Targeted and controlled anticancer drug delivery and release with magnetoelectric nanoparticles

Alexandra Rodzinski, Rakesh Guduru, Ping Liang, Ali Hadjikhani, Tiffanie Stewart, Emmanuel Stimphil, Carolyn Runowicz, Richard Cote, Norman Altman, Ram Datar, Sakhrat Khizroev

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192 Scopus citations


It is a challenge to eradicate tumor cells while sparing normal cells. We used magnetoelectric nanoparticles (MENs) to control drug delivery and release. The physics is due to electric-field interactions (i) between MENs and a drug and (ii) between drug-loaded MENs and cells. MENs distinguish cancer cells from normal cells through the membrane's electric properties; cancer cells have a significantly smaller threshold field to induce electroporation. In vitro and in vivo studies (nude mice with SKOV-3 xenografts) showed that (i) drug (paclitaxel (PTX)) could be attached to MENs (30-nm CoFe2O4 @BaTiO3 nanostructures) through surface functionalization to avoid its premature release, (ii) drug-loaded MENs could be delivered into cancer cells via application of a d.c. field (∼100 Oe), and (iii) the drug could be released off MENs on demand via application of an a.c. field (∼50 Oe, 100 Hz). The cell lysate content was measured with scanning probe microscopy and spectrophotometry. MENs and control ferromagnetic and polymer nanoparticles conjugated with HER2-neu antibodies, all loaded with PTX were weekly administrated intravenously. Only the mice treated with PTX-loaded MENs (15/200 μg) in a field for three months were completely cured, as confirmed through infrared imaging and post-euthanasia histology studies via energy-dispersive spectroscopy and immunohistochemistry.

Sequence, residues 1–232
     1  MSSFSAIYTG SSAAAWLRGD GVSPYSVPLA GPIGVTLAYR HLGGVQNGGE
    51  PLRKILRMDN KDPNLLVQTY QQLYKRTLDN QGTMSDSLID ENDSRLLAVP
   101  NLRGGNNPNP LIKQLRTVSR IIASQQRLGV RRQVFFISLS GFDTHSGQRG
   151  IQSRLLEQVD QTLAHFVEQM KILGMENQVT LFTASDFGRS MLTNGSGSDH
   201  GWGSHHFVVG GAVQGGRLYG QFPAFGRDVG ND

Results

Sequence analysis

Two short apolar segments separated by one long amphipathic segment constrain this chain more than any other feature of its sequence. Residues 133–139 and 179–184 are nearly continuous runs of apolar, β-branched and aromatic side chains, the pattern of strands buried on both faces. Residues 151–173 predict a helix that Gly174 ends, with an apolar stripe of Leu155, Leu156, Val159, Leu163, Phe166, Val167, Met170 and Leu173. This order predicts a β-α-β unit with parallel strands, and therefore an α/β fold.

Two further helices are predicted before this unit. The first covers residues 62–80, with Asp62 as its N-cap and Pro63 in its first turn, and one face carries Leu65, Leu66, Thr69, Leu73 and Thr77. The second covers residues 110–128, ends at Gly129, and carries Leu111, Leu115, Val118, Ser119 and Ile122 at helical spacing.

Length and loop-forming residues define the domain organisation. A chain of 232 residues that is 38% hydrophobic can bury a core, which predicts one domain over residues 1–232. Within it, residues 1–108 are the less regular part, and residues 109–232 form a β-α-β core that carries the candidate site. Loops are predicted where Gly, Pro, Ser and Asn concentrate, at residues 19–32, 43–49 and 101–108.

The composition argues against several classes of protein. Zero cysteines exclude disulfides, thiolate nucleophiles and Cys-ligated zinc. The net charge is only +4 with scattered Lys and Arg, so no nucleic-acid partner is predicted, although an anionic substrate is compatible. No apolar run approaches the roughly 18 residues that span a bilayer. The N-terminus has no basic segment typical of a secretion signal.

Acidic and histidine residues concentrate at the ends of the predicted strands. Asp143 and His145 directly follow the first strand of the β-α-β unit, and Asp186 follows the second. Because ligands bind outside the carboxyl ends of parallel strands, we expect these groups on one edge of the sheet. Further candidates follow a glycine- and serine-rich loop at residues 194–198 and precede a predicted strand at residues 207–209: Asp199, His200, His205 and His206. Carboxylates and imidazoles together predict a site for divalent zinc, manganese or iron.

Original languageEnglish
Article number20867
JournalScientific reports
StatePublished - Feb 15 2016


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